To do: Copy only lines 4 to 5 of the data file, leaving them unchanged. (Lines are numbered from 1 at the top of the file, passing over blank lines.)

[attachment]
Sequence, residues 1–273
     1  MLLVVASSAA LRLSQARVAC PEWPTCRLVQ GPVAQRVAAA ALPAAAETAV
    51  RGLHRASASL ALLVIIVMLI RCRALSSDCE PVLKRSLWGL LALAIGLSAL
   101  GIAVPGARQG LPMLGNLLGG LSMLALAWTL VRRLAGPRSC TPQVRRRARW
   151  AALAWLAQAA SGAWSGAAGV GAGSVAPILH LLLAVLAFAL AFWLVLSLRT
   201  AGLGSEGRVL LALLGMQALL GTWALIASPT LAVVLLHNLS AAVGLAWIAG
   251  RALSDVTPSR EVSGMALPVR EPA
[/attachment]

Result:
   101  GIAVPGARQG LPMLGNLLGG LSMLALAWTL VRRLAGPRSC TPQVRRRARW
   151  AALAWLAQAA SGAWSGAAGV GAGSVAPILH LLLAVLAFAL AFWLVLSLRT